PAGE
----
New bike rental service opens in Cascade Locks

(Photos: Bike the Gorge)

In a wonderful sign of bike-oriented economic development in the Columbia River Gorge, a new bike shop has opened its doors in Cascade Locks.

Bike the Gorge offers electric bike rentals and its owner is taking full advantage of progress by the Oregon Department of Transportation on the Historic Highway State Trail to encourage customers to explore the area. In a Ride Guide on the shop’s website you’ll find routes that boast of carfree paths through tall trees and up-close views of waterfalls.

This is just the start of a boom in bike-related businesses that is likely to spring up as ODOT gets even closer to completing the 73-mile Historic Highway State Trail — a generational project that will reconnect a low-car and carfree alternate to Highway 84 between Troutdale and The Dalles.

Bike the Gorge has a fleet of Lectric XP 3.0 e-bikes available to explore the trail. They are Class 2 e-bikes with a throttle, large tires, and an upright riding position. If you want to try them out this month, there’s a 20% rental discount if you use promo code APRIL20.

The co-owner of Bike the Gorge, Ben DeJarnette is a friend and BikePortland subscriber. I asked him a few questions about his new business:

Who are you and what inspired you to launch this business?

Ben DeJarnette

I grew up in sprawling suburban Virginia where bike lanes and public transit didn’t exist and you had to drive everywhere, so Portland has always been a gleaming city on the hill to me (even if a little bit of the shine has worn off).

I lived carfree for my first few months here and rode almost everywhere, but I experienced a lot of the challenges you wrote about last week — I was sideswiped by a car in Old Town, my beloved Lotus bike was stolen, and eventually I moved further east and found myself dodging a lot more potholes. 

The real game-changer for me was when Biketown switched to an electric fleet. I was coaching cross country at Fernhill Park (NE 37th and Ainsworth) at the time and found that riding an e-bike there from Montavilla was faster, cheaper, and more fun than driving — and I didn’t have to worry about theft.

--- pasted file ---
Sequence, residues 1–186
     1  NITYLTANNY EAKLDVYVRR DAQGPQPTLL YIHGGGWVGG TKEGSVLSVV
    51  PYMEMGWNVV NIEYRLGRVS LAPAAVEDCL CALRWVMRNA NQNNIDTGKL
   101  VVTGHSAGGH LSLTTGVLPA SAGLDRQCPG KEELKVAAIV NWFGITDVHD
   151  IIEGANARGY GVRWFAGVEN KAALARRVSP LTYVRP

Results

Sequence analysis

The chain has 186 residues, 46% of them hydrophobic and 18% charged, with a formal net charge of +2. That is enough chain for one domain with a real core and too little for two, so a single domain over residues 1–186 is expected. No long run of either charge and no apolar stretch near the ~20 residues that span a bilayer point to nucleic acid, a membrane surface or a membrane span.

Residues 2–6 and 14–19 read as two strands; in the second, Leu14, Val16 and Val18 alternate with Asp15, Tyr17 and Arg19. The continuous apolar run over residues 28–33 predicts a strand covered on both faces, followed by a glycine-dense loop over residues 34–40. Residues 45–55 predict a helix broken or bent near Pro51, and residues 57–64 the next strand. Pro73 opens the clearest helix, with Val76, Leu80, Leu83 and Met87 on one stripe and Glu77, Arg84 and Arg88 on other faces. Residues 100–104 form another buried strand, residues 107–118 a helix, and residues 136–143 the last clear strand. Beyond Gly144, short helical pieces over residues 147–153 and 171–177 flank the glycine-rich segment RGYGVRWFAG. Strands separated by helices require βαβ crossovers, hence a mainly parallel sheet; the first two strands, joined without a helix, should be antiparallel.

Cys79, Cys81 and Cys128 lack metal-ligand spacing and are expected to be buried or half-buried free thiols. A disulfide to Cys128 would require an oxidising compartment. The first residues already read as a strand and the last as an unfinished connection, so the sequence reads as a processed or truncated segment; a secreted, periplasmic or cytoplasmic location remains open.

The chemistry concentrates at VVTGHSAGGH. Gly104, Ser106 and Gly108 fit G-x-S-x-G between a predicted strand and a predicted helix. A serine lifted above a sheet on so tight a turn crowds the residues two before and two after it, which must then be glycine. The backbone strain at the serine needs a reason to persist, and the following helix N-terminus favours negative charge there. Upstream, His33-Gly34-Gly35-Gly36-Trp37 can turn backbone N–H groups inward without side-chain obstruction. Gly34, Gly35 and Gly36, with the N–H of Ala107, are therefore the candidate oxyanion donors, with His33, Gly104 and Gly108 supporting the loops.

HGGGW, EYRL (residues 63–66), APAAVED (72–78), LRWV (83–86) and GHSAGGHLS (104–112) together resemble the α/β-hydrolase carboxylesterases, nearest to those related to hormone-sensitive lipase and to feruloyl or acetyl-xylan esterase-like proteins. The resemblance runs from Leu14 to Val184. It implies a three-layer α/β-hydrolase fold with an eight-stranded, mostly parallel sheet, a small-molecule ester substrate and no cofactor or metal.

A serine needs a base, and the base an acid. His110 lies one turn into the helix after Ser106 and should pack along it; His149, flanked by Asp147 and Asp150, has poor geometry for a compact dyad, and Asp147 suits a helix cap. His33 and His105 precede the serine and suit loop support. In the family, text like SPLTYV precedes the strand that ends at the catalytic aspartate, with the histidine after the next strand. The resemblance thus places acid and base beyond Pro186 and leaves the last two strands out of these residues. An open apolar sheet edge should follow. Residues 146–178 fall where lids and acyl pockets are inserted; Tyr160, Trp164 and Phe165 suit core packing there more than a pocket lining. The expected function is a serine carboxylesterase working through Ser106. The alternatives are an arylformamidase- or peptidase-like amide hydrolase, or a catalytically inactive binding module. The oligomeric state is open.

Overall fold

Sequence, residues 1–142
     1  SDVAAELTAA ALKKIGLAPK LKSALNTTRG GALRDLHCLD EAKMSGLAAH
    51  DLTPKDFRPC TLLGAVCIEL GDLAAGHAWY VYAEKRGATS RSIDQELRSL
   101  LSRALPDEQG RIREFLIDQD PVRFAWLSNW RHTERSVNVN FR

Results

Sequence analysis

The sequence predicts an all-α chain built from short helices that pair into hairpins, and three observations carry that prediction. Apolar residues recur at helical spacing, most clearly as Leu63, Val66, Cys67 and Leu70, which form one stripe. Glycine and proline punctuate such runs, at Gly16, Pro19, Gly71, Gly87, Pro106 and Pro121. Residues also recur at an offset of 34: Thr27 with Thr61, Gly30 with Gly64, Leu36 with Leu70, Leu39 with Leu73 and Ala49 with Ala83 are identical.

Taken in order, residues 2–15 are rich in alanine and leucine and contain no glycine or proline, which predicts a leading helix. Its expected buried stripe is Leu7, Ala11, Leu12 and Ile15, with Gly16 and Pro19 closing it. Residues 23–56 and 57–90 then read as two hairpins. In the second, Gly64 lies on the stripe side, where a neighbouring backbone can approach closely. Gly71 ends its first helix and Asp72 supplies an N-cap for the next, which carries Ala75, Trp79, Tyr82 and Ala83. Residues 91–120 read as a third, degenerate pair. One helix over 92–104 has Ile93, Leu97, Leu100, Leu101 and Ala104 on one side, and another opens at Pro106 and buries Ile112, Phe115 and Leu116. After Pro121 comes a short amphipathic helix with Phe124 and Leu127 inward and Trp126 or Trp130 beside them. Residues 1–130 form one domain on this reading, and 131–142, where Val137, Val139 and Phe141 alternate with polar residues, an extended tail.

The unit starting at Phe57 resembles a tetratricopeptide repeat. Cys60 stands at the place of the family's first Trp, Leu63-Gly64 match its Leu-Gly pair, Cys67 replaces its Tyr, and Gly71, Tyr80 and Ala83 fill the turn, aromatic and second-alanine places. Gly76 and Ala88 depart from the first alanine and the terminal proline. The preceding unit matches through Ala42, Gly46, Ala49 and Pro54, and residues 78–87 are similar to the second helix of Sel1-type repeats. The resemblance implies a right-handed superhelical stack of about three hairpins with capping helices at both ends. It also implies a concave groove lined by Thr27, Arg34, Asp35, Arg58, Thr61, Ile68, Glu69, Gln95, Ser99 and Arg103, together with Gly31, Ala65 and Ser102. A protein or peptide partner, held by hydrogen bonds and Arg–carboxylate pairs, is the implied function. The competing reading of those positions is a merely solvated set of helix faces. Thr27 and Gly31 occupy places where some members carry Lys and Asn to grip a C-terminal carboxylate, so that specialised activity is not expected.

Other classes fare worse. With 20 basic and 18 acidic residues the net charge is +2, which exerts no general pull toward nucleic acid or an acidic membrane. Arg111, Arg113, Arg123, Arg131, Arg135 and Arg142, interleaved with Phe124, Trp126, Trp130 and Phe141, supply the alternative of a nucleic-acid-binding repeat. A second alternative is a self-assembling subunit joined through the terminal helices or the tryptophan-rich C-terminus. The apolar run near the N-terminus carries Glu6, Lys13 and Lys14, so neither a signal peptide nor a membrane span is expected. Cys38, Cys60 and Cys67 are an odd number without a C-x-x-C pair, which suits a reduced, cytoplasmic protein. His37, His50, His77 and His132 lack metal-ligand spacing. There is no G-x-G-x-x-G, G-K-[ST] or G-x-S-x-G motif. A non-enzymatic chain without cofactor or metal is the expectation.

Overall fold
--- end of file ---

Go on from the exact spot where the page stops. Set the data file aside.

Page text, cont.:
The business idea actually came to me a few years later on my honeymoon in Scotland, where my wife and I rented e-bikes and rode on a carfree path along Loch Lomond. It was an incredible experience that got me thinking about how cool it would be to do something similar on the state trail around Cascade Locks — and that was the beginning of the journey that led to Bike the Gorge. 

Why are you betting on bikes in the Gorge?

The Gorge is a rare place where the biking experience is getting dramatically better (thanks to major infrastructure investments and the availability of e-bikes) at the same time that the driving experience is getting dramatically worse (due to traffic delays, bridge tolls, permit systems, and parking fees.) 

As more people learn that there’s a safe, accessible alternative to driving in the Gorge that’s also really fun, I think we’ll see interest in biking take off — and eventually even more businesses (and hopefully infrastructure) will pop to support it. 

Any thoughts on impact the Historic Highway State Trail will have/has on your business and economic development in the Gorge in general?

The State Trail has the opportunity to be a world-class tourism destination that lifts all boats in the Gorge, from Troutdale to Cascade Locks to the Dalles. But we need to get it across the finish line! 

I hope that helping more people experience the existing trail will create advocates who can push for those final pieces, including replacing the Eagle Creek staircase with a ramp and completing the critical trail segment from Mitchell Point to Hood River. 

Good luck Ben! And keep this shop in mind if you want to explore deeper into the Gorge.

Jonathan Maus (Publisher/Editor)

Jonathan Maus (Publisher/Editor)

Founder of BikePortland (in 2005). Father of three. North Portlander. Basketball lover. Car owner and driver. If you have questions or feedback about this site or my work, feel free to contact me at @jonathan_maus on Twitter, via email at, or phone/text at 503-706-8804. Also, if you read and appreciate this site, please become a supporter.

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